Judicial corruption scandal deepens and brings changes

22 July 2018

In what is becoming an ever-evolving story of corruption, more audios continue to appear, regularly implicating the judiciary, ministers, members of Congress and politicians. Justice Minister Salvador Heresi was one of the first ones to go last week, and on 21 July Congressman Vicente Zeballos was sworn in to replace him. Zeballos had abandoned the party of Peruanos Por el Kambio in December last year after the pardon given to Alberto Fujimori, and this is in itself a signal, as his predecessor did not have any problem with the liberation of the jailed ex-president. In his new role, as well as leading on the process of judicial reform. Zeballos will have to consider whether Fujimori should return to prison. 

Given the magnitude of the scandal the changes brought have been quite momentous. Not only has a Minister gone but, on 20 July Congress voted unanimously to depose all the members of the Consejo Nacional de la Magistratura (CNM). President Vizcarra had called for the meeting and for the overhaul of the whole institution. Some of its members, including its president, whose tapes had been the first to emerge, had already resigned from the CNM, but now all have been struck off. However, not all has been welcome news: Pedro Chávarry was sworn in as the new Fiscal de la Nación on 20 July in spite of there being three tapes that implicate him in the scandal. This is proof of how hard it will be to reform a system that is so compromised from within. Two other fiscales supremos voted for Chávarry, with the latter providing the tie-break vote to confirm his appointment. President Vizcarra, the Prime Minister and the Ombudsman refused to attend the swearing in ceremony that was therefore presided over by the President of Congress, the Fujimorista Luis Galarreta. Ex Justice Minister Aldo Vasquez considers the appointment is not legal as the President was not present.

The calls for Chávarry to be deposed have not ceased and the general public all over the country continues to be highly mobilized around the issue. There were marches in Cuzco, Trujillo and Lima on 19 July calling for a complete restructuring of the system. The general public is going as far as to demand a closing of Congress, and it is clear that the process of change will not be easy or straightforward. This is evident, as more information on where these tapes came from has emerged. These phone interceptions are legal as they were ordered by an investigative prosecutor in the port city of Callao to follow a series of people implicated in drug trafficking. A link was soon established with the judiciary where it became ever more clear that a series of judges were asking for money in exchange for judicial results.

A modus operandi in the court was also uncovered, where every appointment was achieved through the exchange of favours. The judges then led the investigators to the main politicians from APRA and Fuerza Popular. Congressman Héctor Becerril has been directly linked to the scandal, as have been Mauricio Mulder, Luz Salgado and Miki Torres, as well as members of the Juarado Nacional de Elecciones (JNE). Keiko Fujimori has also been implicated as many consider she is the ‘Señora K’ from ‘Fuerza Numero Uno’ mentioned in one of the audios. She provided a strong statement denying any connection with the scandal, in spite of appearing next to a large banner bearing the letter K on it. In the video Keiko Fujimori declared she could not be seen as having any connections in the judiciary having been under investigation for the past eighteen years.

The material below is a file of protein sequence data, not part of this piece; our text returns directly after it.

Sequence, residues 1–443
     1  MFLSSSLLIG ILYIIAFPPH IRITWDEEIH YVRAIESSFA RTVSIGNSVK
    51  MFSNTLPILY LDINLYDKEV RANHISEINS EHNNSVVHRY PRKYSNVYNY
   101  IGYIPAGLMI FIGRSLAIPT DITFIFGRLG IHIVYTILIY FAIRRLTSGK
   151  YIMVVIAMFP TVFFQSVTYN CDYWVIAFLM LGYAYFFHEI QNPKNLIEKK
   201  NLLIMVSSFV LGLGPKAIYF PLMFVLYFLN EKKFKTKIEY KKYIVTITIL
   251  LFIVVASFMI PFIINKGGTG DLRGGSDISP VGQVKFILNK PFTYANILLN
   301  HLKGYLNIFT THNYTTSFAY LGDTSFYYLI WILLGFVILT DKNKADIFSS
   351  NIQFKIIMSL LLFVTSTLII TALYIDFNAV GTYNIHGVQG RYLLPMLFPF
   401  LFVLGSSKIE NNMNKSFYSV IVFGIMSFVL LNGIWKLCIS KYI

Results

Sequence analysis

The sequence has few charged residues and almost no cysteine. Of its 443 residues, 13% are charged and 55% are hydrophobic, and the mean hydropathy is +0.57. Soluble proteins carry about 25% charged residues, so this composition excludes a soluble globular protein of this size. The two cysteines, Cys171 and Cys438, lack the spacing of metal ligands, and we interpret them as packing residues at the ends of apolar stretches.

There is much expectation as to what will happen in Peru after this latest scandal and there have been swift results concerning judges. The ex-president of the Supreme Court of Callao Walter Ríos has been taken into custody for 18 months while the investigation is carried out. There are rumours that he could become a collaborator in the investigation of corruption that links the judiciary with the drug trafficking mafias. 

Ex-presidential candidate Veronika Mendoza has called for the revision of the sentences given by the judges found to be guilty of participating in this corruption ring, to be revised. There will be much change in the coming weeks and Vizcarra has the opportunity to take leadership of the process. It remains to be seen who else will be implicated in the coming weeks and how far or how deep the changes can be.

All articles

  • PSG Aims

    The Peru Support Group exists to promote social inclusion, sustainable development and the observance of human rights in Peru. To that end the PSG highlights shortcomings in observance of established norms, whether international or local in nature, in its research, advocacy and publications. In so doing, it underscores the relationships that exist within the political system, how institutions work, and the effectiveness of policies that aim to reduce poverty and inequality within the context of sustainable development.

  • Historical Overview

    Over the past century Peru has suffered a series of autocratic governments and a civil war in which nearly 70,000 people died. Many of the country's ongoing political and social problems are a legacy of its somewhat turbulent past. 

  • Human Rights

    Human rights violations were widespread during the twenty years after the initiation of armed conflict in 1980. Efforts to convict perpetrators since the war's end have made only limited progress. Today, concerns remain over the treatment of those engaged in social protest, particularly against strategically important investment projects.

  • Why join the PSG?

    • Keep up to date with latest news and developments in Peru
    • Learn about key issues of poverty, development and human rights in Peru
    • Support the work of the Peru Support Group

    Become a member